Cracking the Code On Predictive Maintenance Requires More Than Sensored-Generated Telemetry Data 

Manuel Terranova

MANUEL TERRANOVA, President and CEO of Peaxy, says:

Current talk would lead one to believe that industrial giants have cracked the code on predictive maintenance thanks to the petabytes of sensor-generated data coming off of machines today and landing in the hands of engineering teams — GE attributed $800 million in incremental revenue to new predictive maintenance capabilities in 2013. The reality is that only the surface has been scratched, as current IT infrastructures make it impossible to achieve zero-outage ambitions or long-lasting breakthrough “smart” technology innovation.

Yes, sensor data is a vital piece to bringing the true promise of the Industrial Internet of Things, and the ability to harness and analyze these data sets in real time will no doubt yield notable improvements. However, to reach the next-level predictive maintenance breakthroughs and “smart” products, engineering teams must be able to aggregate and compare telemetry data with original geometry drawings and test simulations. Yet, keeping in mind that industrial machinery be in the field for 30 or more years, these files may be decades old and dark.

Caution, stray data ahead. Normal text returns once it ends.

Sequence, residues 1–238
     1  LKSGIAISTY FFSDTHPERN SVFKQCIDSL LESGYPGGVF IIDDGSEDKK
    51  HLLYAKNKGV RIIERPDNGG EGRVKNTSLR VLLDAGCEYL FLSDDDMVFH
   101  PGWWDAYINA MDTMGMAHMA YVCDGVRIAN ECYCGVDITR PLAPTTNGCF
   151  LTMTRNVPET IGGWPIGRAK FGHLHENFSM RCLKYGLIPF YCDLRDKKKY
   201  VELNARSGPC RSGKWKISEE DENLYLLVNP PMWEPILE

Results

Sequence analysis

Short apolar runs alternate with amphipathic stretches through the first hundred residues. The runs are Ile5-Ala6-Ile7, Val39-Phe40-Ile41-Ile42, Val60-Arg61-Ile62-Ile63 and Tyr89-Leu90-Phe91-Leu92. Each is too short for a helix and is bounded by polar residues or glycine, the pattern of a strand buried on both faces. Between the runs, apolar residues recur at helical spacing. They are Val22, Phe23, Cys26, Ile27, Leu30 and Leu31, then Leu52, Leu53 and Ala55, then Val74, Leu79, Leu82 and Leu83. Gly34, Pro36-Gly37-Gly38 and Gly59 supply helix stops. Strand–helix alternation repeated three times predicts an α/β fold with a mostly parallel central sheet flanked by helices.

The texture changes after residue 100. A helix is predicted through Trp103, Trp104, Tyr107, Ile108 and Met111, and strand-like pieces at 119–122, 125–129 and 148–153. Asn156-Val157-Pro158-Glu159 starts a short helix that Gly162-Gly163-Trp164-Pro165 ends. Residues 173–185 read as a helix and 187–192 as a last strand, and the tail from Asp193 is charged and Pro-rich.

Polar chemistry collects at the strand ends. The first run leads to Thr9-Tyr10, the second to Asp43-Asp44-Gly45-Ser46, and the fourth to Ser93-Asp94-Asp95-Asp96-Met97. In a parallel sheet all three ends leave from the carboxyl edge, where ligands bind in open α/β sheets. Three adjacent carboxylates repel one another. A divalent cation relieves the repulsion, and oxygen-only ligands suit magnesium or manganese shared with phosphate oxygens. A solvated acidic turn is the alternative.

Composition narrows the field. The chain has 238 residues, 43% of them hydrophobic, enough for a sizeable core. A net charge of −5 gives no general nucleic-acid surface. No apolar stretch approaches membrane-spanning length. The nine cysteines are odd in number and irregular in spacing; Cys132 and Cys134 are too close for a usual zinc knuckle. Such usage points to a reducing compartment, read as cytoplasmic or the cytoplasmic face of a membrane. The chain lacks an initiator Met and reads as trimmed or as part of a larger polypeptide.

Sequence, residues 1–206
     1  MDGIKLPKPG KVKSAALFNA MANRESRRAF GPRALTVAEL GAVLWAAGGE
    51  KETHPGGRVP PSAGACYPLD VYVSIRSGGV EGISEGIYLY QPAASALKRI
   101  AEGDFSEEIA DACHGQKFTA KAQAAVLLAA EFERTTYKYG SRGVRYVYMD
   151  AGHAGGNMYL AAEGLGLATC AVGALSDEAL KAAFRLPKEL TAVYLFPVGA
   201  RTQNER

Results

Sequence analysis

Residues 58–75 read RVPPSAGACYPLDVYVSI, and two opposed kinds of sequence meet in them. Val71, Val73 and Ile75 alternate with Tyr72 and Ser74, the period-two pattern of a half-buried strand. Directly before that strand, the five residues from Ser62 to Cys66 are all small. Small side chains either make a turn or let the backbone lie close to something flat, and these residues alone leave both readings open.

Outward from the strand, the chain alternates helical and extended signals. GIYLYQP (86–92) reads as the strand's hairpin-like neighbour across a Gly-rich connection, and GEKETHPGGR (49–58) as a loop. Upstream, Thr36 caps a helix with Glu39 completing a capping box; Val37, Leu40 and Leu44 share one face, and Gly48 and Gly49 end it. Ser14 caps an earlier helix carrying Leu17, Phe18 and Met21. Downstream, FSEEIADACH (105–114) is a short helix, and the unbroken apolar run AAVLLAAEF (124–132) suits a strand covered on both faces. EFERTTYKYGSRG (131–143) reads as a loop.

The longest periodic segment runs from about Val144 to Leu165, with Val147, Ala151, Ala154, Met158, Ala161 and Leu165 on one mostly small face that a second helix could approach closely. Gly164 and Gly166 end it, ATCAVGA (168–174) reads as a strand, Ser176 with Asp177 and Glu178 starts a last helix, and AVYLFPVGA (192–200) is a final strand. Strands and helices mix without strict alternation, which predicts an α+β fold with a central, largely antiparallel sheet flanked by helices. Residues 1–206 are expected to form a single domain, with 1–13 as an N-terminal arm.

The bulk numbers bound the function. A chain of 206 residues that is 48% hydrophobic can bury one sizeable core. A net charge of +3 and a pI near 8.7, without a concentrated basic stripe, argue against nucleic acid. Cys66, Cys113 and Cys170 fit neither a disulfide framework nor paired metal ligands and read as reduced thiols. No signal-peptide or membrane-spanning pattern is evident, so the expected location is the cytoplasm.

Consider, for example, a large passenger aircraft. The original design may have been created in the 1980s, while data from various simulations and the original test bench would have occurred over the course of multiple decades. This would pose no problem for engineers if the following were true: 1) files were aggregated over the years in a consistent and logical manner throughout the organization; and 2) data management practices over the decades maintained the stability of the location of the files.

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